Care must be exercised in applying this principle. Effective development of design input requirements encompasses input from both the product developer as well as those representing the needs of the user, such as marketing. Terminology can be a problem. In some cases, the product conceptual description may be expressed in medical terms. Medical terminology is appropriate in requirements when the developers and reviewers are familiar with the language, but it is often preferable to translate the concepts into engineering terms at the requirements stage to minimize miscommunication with the development staff.
Another problem is incorrect assumptions. Product developers make incorrect assumptions about user needs, and marketing personnel make incorrect assumptions about the needs of the product designers. Incorrect assumptions can have serious consequences that may not be detected until late in the development process. Therefore, both product developers and those representing the user must take responsibility for critically examining proposed requirements, exploring stated and implied assumptions, and uncovering problems.
Some examples should clarify this point. A basic principle is that design input requirements should specify what the design is intended to do while carefully avoiding specific design solutions at this stage. For example, a concept document might dictate that the product be housed in a machined aluminum case. It would be prudent for product developers to explore why this type of housing was specified. Perhaps there is a valid reason-superior electrical shielding, mechanical strength, or reduced time to market as compared to a cast housing. Or perhaps machined aluminum was specified because a competitor’s product is made that way, or simply because the user didn’t think plastic would be strong enough.
Not all incorrect assumptions are made by users. Incorrect assumptions made by product developers may be equally damaging. Failure to understand the abuse to which a portable instrument would be subjected might result in the selection of housing materials inadequate for the intended use of the product.
There are occasions when it may be appropriate to specify part of the design solution in the design input requirements. For example, a manufacturer may want to share components or manufacturing processes across a family of products in order to realize economies of scale, or simply to help establish a corporate identity. In the case of a product upgrade, there may be clear consensus regarding the features to be retained. However, it is important to realize that every such design constraint reduces implementation flexibility and should therefore be documented and identified as a possible conflicting requirement for subsequent resolution.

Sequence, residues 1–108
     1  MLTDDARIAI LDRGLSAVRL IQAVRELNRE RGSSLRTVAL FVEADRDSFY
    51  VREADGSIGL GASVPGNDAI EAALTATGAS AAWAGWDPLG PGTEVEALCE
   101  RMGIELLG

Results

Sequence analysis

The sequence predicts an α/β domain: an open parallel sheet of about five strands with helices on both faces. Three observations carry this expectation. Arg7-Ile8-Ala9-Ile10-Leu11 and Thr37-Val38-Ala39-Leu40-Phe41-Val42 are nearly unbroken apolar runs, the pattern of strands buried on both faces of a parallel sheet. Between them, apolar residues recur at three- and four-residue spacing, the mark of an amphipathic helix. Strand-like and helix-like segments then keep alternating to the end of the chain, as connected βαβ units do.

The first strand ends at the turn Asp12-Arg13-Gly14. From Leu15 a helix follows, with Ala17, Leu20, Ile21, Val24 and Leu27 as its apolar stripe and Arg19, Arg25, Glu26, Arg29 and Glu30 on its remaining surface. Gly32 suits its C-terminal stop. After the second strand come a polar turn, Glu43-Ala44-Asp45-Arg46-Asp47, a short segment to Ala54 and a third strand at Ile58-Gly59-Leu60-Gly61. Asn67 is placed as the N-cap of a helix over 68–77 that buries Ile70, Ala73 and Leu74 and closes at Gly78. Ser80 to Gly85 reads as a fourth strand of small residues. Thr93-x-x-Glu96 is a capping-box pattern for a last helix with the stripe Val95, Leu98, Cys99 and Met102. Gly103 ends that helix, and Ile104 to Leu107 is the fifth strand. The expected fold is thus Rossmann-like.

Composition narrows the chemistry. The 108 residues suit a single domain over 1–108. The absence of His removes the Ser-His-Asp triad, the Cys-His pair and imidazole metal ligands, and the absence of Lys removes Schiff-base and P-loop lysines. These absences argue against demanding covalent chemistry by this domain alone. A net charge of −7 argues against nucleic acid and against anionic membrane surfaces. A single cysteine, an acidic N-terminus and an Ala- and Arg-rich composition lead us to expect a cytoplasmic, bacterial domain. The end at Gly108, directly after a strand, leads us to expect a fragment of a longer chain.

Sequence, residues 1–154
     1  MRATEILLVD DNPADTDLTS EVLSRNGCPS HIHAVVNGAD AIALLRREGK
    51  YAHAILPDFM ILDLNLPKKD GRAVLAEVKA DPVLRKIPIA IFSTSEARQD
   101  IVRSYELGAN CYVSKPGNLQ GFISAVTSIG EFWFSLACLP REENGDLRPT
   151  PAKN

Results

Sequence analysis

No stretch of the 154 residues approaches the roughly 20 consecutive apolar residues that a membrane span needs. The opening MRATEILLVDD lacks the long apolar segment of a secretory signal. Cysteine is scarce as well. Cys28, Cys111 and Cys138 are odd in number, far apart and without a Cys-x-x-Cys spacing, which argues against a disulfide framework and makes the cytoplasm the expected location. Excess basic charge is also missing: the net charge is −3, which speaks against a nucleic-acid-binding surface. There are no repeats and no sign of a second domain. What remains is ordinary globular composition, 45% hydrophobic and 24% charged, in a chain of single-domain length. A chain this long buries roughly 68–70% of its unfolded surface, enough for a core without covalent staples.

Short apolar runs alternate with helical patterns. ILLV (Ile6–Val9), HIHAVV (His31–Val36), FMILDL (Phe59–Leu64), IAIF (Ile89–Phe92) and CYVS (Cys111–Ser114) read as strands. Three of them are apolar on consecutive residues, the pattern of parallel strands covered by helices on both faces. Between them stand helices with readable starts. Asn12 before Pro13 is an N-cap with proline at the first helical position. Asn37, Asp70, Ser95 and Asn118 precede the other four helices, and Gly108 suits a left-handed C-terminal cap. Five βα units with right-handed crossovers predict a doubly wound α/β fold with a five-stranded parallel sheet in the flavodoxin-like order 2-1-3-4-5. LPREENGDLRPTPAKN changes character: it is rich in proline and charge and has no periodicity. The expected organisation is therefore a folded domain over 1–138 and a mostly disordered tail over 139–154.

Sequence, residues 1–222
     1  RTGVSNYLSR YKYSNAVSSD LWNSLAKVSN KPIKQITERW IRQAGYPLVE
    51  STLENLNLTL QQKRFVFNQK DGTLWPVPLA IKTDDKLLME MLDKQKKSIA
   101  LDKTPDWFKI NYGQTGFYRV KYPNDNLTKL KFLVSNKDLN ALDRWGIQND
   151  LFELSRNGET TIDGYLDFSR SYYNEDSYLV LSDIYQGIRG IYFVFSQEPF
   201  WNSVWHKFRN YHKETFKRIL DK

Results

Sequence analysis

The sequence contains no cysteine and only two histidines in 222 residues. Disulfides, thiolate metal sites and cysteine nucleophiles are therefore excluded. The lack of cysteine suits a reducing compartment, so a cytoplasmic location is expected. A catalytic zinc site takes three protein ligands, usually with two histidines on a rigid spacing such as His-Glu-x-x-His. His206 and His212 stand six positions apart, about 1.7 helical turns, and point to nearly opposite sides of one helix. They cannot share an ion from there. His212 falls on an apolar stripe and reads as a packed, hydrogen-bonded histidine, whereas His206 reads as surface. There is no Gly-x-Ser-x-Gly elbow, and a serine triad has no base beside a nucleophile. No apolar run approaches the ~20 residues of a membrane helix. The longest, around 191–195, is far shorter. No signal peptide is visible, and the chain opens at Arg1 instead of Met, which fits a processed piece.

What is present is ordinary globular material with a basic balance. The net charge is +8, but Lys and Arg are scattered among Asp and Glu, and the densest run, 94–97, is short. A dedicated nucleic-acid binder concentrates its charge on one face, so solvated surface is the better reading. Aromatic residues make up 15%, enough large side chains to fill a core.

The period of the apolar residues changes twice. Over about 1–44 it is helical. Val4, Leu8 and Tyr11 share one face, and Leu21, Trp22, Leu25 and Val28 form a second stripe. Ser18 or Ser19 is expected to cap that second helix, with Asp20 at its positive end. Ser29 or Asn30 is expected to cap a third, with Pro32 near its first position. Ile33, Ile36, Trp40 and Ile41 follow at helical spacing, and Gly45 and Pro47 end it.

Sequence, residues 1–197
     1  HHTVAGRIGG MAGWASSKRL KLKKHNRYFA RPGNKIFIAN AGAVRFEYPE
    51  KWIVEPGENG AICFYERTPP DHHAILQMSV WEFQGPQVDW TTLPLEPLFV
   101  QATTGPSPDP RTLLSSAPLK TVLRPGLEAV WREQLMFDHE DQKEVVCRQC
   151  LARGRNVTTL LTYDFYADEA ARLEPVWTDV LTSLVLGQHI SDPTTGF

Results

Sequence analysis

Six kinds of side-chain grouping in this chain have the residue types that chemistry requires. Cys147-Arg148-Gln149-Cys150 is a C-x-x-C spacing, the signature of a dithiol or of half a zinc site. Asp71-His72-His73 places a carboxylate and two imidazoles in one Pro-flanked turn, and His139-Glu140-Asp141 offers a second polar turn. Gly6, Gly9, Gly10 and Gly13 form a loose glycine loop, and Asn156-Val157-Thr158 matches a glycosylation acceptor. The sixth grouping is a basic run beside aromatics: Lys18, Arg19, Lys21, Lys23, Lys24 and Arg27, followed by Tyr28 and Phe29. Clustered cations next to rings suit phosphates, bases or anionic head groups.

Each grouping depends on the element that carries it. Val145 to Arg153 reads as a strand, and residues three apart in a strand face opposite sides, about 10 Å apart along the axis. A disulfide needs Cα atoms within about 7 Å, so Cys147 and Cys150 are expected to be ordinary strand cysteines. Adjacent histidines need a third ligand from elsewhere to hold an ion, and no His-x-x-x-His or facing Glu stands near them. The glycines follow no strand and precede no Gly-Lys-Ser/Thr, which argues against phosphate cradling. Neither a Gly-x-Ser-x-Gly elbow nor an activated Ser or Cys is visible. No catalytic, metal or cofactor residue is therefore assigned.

SCOPE AND LEVEL OF DETAIL. Design input requirements must be comprehensive. This may be quite difficult for manufacturers who are implementing a system of design controls for the first time. Fortunately, the process gets easier with practice. It may be helpful to realize that design input requirements fall into three categories. Virtually every product will have requirements of all three types.
  • Functional requirements specify what the device does, focusing on the operational capabilities of the device and processing of inputs and the resultant outputs.
  • Performance requirements specify how much or how well the device must perform, addressing issues such as speed, strength, response times, accuracy, limits of operation, etc. This includes a quantitative characterization of the use environment, including, for example, temperature, humidity, shock, vibration, and electromagnetic compatibility. Requirements concerning device reliability and safety also fit into this category.
  • Interface requirements specify characteristics of the device which are critical to compatibility with external systems; specifically, those characteristics which are mandated by external systems and outside the control of the developers. One interface which is important in every case is the user and/or patient interface.
What is the scope of the design input requirements development process and how much detail must be provided? The scope is dependent upon the complexity of a device and the risk associated with its use. For most medical devices, numerous requirements encompassing functions, performance, safety, and regulatory concerns are implied by the application. These implied requirements should be explicitly stated, in engineering terms, in the design input requirements.
Determining the appropriate level of detail requires experience. However, some general guidance is possible. The marketing literature contains product specifications, but these are superficial. The operator and service manuals may contain more detailed specifications and performance limits, but these also fall short of being comprehensive. Some insight as to what is necessary is provided by examining the requirements for a very common external interface. For the power requirements for AC-powered equipment, it is not sufficient to simply say that a unit shall be AC-powered. It is better to say that the unit shall be operable from AC power in North America, Europe, and Japan, but that is still insufficient detail to implement or validate the design. If one considers the situation just in North America, where the line voltage is typically 120 volts, many systems are specified to operate over the range of 108 to 132 volts. However, to account for the possibility of brownout, critical devices may be specified to operate from 95 to 132 volts or even wider ranges. Based on the intended use of the device, the manufacturer must choose appropriate performance limits.